Sunday, 6 May 2007


ANTELOPE - Reflector (Dischord)

Here's a revised review of this record: Late last year these guys played the Metro In London, a filthy venue for the uninitated. On stage, they proceeded to tear through 'Reflector' and some previous hits with such unexpected fucking venom I felt compelled to simply stipulate that this record, as great as it is, doesn't capture an iota of Antelopes rhythmic presence in reality. Three straight collar dudes, arching through a minimal loaf of purity imbused chargers with a detached confidence I've rarely ever seen played out like that. Really, it was exceptional. This record is good stuff. It may seem half finished in places, but I suspect song structure is far from priority. There's a sentiment to deliver, and it's classic Dischord. A tropical flourish here, a kraut-spiced harmony there, and we're done in half an hour. Feasibly this music is boring, but I beg to differ. So many of the vocal refrains linger in the mind long after, too many grooves hit the hips. And did I hear 'Pop Sensibility'? Unintentional maybe, but I DID. A cracking effort.

Friday, 4 May 2007



Turbine Depress came to my attention by mistake. An early eighties Quebec-based rock group led by scene figurehead Bruno Tanguay, the band spawned a family tree of some intrigue. With not too much investigation, the Quebec and Montreal underground rock scene is unearthed intact:

And as I am sure you'll agree, makes for a wealth of oddball skronk. A link to the full download of Turbine Depress' cassette only album is in there, treat yourself guys! Go on!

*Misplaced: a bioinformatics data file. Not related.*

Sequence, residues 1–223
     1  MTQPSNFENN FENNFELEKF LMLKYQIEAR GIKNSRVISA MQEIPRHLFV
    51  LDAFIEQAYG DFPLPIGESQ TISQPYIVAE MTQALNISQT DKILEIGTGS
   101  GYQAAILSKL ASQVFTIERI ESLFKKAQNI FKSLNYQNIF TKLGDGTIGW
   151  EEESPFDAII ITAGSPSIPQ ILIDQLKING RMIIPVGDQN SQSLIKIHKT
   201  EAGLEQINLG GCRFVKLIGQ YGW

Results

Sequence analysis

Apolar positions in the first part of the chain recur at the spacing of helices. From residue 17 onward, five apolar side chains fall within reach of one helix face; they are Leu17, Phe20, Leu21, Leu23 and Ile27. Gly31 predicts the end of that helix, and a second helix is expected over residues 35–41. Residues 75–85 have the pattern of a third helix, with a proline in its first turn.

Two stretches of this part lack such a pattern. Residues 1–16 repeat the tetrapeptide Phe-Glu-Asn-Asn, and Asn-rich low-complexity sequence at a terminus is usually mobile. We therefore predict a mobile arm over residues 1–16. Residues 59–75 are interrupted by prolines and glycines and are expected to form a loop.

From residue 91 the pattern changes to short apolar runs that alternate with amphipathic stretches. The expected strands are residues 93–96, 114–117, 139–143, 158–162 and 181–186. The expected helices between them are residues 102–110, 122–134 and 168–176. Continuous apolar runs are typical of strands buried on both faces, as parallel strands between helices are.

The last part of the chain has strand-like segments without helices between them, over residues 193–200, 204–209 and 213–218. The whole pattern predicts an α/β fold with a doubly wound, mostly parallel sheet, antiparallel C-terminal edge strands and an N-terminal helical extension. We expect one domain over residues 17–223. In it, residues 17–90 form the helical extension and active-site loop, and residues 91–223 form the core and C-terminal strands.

Helps if you can read french however, sorry!


RICHARD FORMBY - I Was Asleep But Now I am Awake (GoldenLab)
Aesthetically delightful CDR from Manchesters Golden Lab. Richard Formby builds on warm, looped fragments, cut up drums, guitar chime and organ arrangement, with all the ascending tact of Reich. Or at times, er, DJ Shadow. Maybs. In Formbys world it's sometime in the 70s', at the height of classical experimentation and kraut motorik. Passages gracefully morph between chillaxed piano play and polyrhythmic freak-out. "Jazz Oddessy" anyone? Yep, it get's a little too close to homage at times, but there's a heap of sincerity in opener 'The Church Bells at Riley', and the spaced out meandering of 'Tweleve Ninety Six' positively shimmers with sci-fi solitude. Epic stuff, mate, epic stuff.